But where there are parties, party crashers are soon to follow. The fire marshal started showing up, Jim says, "because the Majestic Metro guys always hated me." And the city demanded that he take down the building's "Money to Loan" pawn shop sign because it was "willfully confusing the public." This really confused Jim: "Isn't that what art's about?"

Then one day in 1997, the unthinkable happened: Two yuppies in suits wanted to look at the building. Jim told them it wasn't for sale, but downtown was on the brink of its boom, and those back taxes were biting him in the ass. He figured that those yuppies meant his respectable neighbors were trying to foreclose on him. "No one expected us to have the money," says Jim.

When he did, 314 Main mysteriously disappeared from the county's foreclosure list. Jim relaxed, but, he says, his building reappeared on the morning of the scheduled sale: "I had an hour and a half to get a cashier's check for $27,000." He got the check in time -- his dad loaned him the money -- but forgot to take his driver's license to the title company. A forgiving notary saved the day.

Now the financial matters are all in the family, but there are still financial matters. Jim likes to say that his place's name is Houston spelled backward because "it's not about money, it's about quality of life." But he's raising a family above his now up-to-code and open-to-the-public coffee shop, and it takes a lot of $1 cups of coffee to make ends meet.

Meanwhile, at fancy parties the beautiful people are asking each other, "What downtown property do you own?" And Main Street is lining up with limousines, valet parking stands and bars catering to what Jim calls "the science-experiment chicks, you know, the ones with the breasts that stick out eight feet and the liposuction." No tsu oH's new neighbors -- Tonic, Jones Bar, Swank, Cabo, Oz and Spy -- are raking it in; its old neighbor, El Mundo, is wearing a "for lease" sign.

Artistic aspirations aside, a businessman's got to do what a businessman's got to do. Jim is getting in on the action by leasing out the south side of his building (now known as Dean's) to a couple of bartenders from La Carafe and 8.0. Since bars downtown are making something like 300 to 400 percent profit on beer and wine, Jim says, "I can get more off Dean's per square foot than you can get at Chase Bank, which is Class A office space."

Still it's the hardest sacrifice Jim has had to make since he bought the building. "They're making it nice in there," he laments. "They're tearing up the linoleum. Words like nice and slick, I get scared of them. I like words like authentic."

The slick bar in Dean's is supposed to allow No tsu oH proper to remain proletarian and nonprofit in the face of downtown's development. But change has a way of seeping through the cracks.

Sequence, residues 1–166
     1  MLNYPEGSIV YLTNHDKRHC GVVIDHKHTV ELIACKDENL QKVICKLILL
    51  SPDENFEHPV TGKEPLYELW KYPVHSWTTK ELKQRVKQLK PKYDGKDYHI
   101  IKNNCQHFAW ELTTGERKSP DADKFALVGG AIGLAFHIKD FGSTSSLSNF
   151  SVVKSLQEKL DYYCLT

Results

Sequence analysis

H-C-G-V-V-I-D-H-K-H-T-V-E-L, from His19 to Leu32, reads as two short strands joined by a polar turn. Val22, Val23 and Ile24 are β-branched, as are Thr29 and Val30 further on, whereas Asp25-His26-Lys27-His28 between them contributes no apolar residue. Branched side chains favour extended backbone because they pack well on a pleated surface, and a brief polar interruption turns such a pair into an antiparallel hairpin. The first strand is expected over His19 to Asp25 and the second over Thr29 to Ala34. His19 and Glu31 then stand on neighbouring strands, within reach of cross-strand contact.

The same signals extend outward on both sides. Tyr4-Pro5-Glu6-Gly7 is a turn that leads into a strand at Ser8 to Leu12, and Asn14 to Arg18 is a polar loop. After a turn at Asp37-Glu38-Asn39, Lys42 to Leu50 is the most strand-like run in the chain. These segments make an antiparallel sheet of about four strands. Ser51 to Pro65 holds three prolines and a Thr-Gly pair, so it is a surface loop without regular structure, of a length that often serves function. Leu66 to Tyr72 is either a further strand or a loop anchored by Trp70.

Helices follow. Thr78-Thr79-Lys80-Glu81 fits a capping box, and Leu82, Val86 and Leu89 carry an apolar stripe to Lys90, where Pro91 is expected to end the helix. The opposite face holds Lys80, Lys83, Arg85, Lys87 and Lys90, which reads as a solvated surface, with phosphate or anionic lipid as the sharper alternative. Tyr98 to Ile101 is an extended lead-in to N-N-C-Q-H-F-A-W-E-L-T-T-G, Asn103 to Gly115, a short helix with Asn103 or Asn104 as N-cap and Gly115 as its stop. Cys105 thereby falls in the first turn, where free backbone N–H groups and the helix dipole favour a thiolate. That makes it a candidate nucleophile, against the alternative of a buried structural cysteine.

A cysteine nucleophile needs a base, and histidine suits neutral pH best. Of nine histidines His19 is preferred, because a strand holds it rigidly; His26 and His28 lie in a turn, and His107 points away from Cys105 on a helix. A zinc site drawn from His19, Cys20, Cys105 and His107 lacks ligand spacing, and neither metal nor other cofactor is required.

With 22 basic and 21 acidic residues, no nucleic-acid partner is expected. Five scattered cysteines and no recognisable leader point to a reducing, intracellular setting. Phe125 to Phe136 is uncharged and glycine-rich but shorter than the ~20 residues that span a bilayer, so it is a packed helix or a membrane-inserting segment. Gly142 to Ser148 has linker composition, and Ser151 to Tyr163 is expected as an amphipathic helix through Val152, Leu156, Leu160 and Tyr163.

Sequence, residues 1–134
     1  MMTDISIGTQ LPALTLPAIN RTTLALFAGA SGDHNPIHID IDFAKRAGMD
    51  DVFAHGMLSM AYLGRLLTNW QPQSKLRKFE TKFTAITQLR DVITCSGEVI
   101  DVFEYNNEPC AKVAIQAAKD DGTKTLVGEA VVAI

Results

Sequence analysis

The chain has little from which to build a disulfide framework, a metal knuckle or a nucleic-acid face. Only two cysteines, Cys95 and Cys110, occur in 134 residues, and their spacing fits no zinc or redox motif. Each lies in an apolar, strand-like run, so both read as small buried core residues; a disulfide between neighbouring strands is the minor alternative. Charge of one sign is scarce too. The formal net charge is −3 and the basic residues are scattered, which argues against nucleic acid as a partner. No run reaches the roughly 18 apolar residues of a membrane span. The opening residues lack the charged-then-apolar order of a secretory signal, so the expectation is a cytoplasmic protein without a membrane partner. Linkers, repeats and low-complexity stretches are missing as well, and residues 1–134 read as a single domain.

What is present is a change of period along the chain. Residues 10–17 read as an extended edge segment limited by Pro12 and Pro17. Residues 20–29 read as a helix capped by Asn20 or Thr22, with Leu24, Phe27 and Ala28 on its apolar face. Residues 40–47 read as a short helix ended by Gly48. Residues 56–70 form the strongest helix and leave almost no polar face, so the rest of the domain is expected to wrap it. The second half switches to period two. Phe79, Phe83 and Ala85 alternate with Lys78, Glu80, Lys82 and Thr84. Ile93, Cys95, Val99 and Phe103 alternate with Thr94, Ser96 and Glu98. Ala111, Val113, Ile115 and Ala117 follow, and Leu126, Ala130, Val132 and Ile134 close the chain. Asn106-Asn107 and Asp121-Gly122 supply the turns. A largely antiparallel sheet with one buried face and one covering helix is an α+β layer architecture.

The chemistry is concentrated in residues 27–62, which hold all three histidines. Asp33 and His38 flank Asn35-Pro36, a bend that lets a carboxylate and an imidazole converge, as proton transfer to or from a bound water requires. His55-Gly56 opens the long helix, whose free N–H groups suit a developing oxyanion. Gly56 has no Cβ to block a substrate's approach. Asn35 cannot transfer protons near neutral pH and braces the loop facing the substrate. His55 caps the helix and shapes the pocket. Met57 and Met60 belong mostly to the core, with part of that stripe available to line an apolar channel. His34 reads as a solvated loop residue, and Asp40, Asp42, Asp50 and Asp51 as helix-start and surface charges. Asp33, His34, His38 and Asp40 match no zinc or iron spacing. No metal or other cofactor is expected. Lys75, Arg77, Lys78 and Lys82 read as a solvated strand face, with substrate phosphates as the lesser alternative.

The coffee shop looks a little more "normal" these days, thanks in large part to a new earthy brown paint job and a lingering art show by Jeff Delude. Even No tsu oH's neighbors are pitching in to pretty it up: The potted plants that attempt to mask the junk/art in the windows are courtesy of Tonic. Jim says the new look is not about selling out; it's "just focusing the camera a little bit." But he admits that the people going to Tonic feel a lot more comfortable.

They may feel more comfortable with No tsu oH's uniformly painted walls, but it's unlikely they'll ever be at ease with what happens inside them, be it the grotesque dance performances of the Easy Credit Theater, the lounge nights where no one gets the lyrics right, the Sunday afternoon marijuana legalization meetings or the erratic sleep schedule of Jim's daughter, Martha.

The Saturday-night collision of worlds goes something like this: Leaving Tonic, the science-experiment chicks notice Martha standing in No tsu oH's storefront, perhaps tugging on the Pirtles' pit bull/boxer mix, Wiggy, or entertaining a customer with the "Oops, I dropped it" game.

Martha has dirtier cheeks and feet than most two-year-olds are allowed to have in public, plus it's two in the morning, so the science-experiment chicks get indignant and start asking the customer where the little girl's mother is. The customer, who knows that all of No tsu oH is Martha's domain, shrugs his shoulders nonchalantly. The next morning Jim gets a call from Child Protective Services.

"America, land of the free," Jim begins one of his speeches. "Freedom is scarier than shit to people. When they see Martha at 2 a.m., they know we're not leading a nine to five, and her freedom and my freedom is threatening to them."

"It's hard to find bohemia in America," he continues. Montrose is turning into The Woodlands, they're trying to suburbanize downtown, even New York City is getting Disneyfied. "Everywhere the artists go, the stockbrokers are right behind."

But maybe, someday, Jim hopes, the yuppie bars will fail and their newly coded-out building shells will become affordable to a more interesting mix of tenants: artists' studios, antique shops, mom-and-pop restaurants, performance spaces, El Mundo and the pawn shops. A weirdo's utopia.

E-mail Lauren Kern at lauren_kern@houstonpress.com.